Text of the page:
In 1509, Filippo Casavecchia wrote to Niccolò Machiavelli, inviting Niccolò to
“stay with me (in the mountains between Florence and Lucca) for 4 days, because I am sure you will not be sorry for it, with respect to my having ordered an entire furnaceful of mortar that contains 40 moggia (660 bushels), with which we shall plaster the river, for we shall take at last 2,000 libbre (1,596 lbs.) of fish and have a great time doing it.”
Using this almost completely ignored exchange in Machiavelli’s correspondence as a starting point, William Landon (Associate Professor of European History and Director of the Medieval and Renaissance Studies Program, Northern Kentucky University) examines Tuscan fishing techniques, the poisoning and damage that occurred to local streams as a result, and the Florentine’s government’s response to harmful ecological practices.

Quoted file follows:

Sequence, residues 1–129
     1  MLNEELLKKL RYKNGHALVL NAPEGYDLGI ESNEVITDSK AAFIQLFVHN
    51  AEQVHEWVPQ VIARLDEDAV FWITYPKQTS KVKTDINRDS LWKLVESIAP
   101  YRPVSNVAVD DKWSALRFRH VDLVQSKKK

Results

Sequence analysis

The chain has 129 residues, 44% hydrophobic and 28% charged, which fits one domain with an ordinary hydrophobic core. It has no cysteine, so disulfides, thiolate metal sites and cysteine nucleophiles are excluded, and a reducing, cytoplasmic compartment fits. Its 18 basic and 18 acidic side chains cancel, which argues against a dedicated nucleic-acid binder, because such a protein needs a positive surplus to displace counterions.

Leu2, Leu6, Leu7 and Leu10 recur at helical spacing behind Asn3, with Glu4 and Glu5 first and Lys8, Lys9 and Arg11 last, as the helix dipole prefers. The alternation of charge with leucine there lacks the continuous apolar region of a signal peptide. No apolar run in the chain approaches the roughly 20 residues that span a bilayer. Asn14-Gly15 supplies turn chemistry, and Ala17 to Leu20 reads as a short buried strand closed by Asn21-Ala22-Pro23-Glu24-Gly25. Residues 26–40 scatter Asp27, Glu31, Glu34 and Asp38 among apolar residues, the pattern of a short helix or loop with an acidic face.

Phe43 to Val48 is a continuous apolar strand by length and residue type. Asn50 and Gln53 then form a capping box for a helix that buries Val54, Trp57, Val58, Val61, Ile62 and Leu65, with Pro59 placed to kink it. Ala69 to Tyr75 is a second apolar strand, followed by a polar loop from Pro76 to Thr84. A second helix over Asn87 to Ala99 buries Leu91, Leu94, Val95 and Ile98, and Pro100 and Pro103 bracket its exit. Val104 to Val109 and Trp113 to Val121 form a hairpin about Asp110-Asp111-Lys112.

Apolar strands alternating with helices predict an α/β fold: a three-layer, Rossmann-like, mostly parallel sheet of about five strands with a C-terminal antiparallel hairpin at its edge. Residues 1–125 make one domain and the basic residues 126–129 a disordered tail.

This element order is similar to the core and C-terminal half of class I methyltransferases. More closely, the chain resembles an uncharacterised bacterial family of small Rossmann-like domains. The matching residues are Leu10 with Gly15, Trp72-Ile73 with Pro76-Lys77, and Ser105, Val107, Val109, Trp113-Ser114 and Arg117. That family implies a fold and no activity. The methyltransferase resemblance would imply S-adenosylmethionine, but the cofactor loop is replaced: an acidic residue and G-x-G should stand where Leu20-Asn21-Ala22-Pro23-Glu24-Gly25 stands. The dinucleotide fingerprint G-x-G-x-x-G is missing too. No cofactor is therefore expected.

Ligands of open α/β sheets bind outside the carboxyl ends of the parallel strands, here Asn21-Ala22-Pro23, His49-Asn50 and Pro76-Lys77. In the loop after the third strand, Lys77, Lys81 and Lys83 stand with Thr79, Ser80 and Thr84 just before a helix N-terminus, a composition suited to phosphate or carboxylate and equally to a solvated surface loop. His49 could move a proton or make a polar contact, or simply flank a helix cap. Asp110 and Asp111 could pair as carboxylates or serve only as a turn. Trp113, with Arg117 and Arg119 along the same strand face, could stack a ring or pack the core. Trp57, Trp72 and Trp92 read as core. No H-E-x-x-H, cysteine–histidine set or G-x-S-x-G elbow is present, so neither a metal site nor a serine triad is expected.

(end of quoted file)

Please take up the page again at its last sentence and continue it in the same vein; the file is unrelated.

Advance registration not required. No fee. Limited seating.
Funding for this lecture is provided by the Betty and Sanford Sigoloff Endowment for the UCLA Center for Medieval and Renaissance Studies.
A map of the Arno River shown next to a human arm, comparing the river and its tributaries to the human circulatory system.